I went to Washington, DC to participate in EPA’s public hearing on the National Ambient Air Quality Standards for Ozone. Here is the testimony I delivered:
Good afternoon, my name is Ronnie Citron-Fink. I’ve traveled from New York to speak as a mom, a teacher, and a representative for Moms Clean Air Force — a community of over 400,000 parents who believe children are the biggest stakeholders in the fight for clean air.
I meet many parents, and overwhelmingly, I hear a resounding, “Nobody wants sick kids who can’t breathe.”
When we started MCAF almost four years ago, I felt similar — I would do anything to keep my family healthy. Since then, I’ve delved deep into stacks and stacks of clean air reports, regulations, and cost analysis associated with childhood asthma, lung disease, cancer, infant mortality, and I’ve kept a close eye on the insane politics of those who seek to block clean air progress by putting powerful industry over people.
It was almost enough to leave me paralyzed with parental fear.
But knowing that our children are the human-toll of air pollution, I couldn’t ignore the science. Paul Billings, a senior vice president of the American Lung Association says, “Ozone is the most pervasive and widespread pollutant in the country,” and William Becker, executive director of the National Association of Clean Air Agencies adds, “Ozone is not only killing people, but causing tens of millions of people to get sick every day”
So what’s a parent to do?
We look to our leaders in Washington to do what’s right because, well frankly, nobody wants sick kids who can’t breathe. And when nearly one in every 10 schoolchildren in our country has asthma, we have a serious breathing problem. On the EPA website it states, “Children are at greatest risk from exposure to ozone because their lungs are still developing and they are more likely to be active outdoors when ozone levels are high, which increases their exposure.”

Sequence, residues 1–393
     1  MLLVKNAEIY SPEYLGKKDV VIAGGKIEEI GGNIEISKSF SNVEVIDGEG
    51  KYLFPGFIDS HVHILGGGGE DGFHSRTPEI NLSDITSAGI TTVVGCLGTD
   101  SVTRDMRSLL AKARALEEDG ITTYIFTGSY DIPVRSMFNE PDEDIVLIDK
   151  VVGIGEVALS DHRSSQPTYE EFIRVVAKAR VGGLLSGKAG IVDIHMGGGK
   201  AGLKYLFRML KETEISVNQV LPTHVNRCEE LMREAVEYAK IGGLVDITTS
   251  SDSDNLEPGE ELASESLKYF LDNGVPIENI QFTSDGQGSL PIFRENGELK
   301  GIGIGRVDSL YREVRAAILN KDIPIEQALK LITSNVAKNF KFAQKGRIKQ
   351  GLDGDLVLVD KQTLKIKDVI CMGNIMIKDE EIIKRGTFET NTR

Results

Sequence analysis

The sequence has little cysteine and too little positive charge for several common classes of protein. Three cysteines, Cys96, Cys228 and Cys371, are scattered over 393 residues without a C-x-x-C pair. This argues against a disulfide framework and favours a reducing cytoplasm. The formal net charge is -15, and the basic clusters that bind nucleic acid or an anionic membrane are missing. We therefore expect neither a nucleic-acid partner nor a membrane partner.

Not only does smog contribute heavily to asthma and other respiratory illnesses, hundreds of thousands of otherwise avoidable hospitalizations and emergency room visits could be eliminated with stronger ozone regulation. This would save parents from taking time off from work, which in turn, saves money…and most importantly, peace of mind…because no parent wants to see their child gasping for life-sustaining clean air.
The proposed new standard would reduce the level of allowable ozone in the atmosphere from the current 75 parts per billion — a weak standard in place since 2008 — to a range of 65 and 70 parts per billion. It is a critical that the EPA move forward and set the smog standard at 60 parts per billion – which is more stringent than the proposed standard.
Please take the burden of getting sick from smog pollution off our kids backs and put it where it belongs – in the hands of regulating an industry that must be held accountable for polluting America’s citizens.
Let’s set an example to the rest of the world that we value and protect what is most important — our precious children.
Thank you for the opportunity to testify.